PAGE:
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How to Do Well With 3 Types of Do-Gooder Investors It's possible, but you'll need to form the right purpose-driven business.

By Sam Hogg

This story appears in the April 2016 issue of Entrepreneur. Subscribe »


Many startups come to me today with dual bottom-line goals: They want to profit and fund a humanitarian bent. They're often inspired by Warby Parker, the hip-eyewear seller that donates specs to people in the developing world. I salute these founders' intentions, but they may not realize how hard a social mission slams into investors' short-term expectations. As a venture capitalist, I almost always have to take a pass. But the well-intentioned aren't out of luck: These are three potential paths they can take.

Benefit Corps. They're commonly known as B Corps, and they bake in protections from investors who want to compromise a startup's social conscience in the pursuit of maximizing shareholder value. If you make yourself a B Corp, investors know what they're in for when they buy in. How does that play out? We're all finding out together: B Corps have been authorized for only a few years in most states. (Warby Parker is one of them.)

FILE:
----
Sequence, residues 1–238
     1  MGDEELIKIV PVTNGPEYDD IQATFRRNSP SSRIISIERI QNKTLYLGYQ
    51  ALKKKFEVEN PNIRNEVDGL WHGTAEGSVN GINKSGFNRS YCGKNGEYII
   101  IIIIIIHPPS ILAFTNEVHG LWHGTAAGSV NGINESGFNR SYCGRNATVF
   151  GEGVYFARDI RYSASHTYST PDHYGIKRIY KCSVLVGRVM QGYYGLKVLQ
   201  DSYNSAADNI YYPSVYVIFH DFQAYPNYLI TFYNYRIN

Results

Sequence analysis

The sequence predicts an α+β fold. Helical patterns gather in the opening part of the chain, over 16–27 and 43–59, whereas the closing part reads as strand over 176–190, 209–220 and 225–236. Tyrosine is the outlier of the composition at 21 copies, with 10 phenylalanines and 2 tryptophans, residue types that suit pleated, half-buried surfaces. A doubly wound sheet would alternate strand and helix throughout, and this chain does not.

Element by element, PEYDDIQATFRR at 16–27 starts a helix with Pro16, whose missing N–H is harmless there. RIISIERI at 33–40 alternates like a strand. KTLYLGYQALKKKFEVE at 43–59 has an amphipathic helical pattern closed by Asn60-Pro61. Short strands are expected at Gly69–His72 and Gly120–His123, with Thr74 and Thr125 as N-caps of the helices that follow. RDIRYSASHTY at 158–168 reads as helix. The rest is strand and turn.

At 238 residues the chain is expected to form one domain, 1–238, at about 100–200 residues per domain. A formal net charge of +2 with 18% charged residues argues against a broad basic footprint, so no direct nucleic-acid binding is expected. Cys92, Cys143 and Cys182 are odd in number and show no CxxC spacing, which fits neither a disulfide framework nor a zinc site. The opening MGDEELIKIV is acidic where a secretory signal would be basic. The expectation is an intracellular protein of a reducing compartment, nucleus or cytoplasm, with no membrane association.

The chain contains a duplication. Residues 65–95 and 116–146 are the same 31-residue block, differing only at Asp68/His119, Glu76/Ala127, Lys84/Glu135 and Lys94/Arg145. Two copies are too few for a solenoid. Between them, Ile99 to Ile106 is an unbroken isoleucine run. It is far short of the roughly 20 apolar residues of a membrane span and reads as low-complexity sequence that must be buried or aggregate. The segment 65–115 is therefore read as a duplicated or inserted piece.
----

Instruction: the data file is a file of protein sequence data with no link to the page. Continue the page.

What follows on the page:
Low-Profit Limited Liability Company (L3C). Like B Corps, L3Cs enjoy protection from activist investors -- but it's their unique access to capital that sets them apart. They act like a B Corp in purpose but enjoy the benefits of a nonprofit in tax structure. That means they can legally receive investments from large mission-driven foundations that can invest only in nonprofits. Foundations may prefer putting money in L3Cs because it enables them to pursue their mandate while hopefully earning a return.

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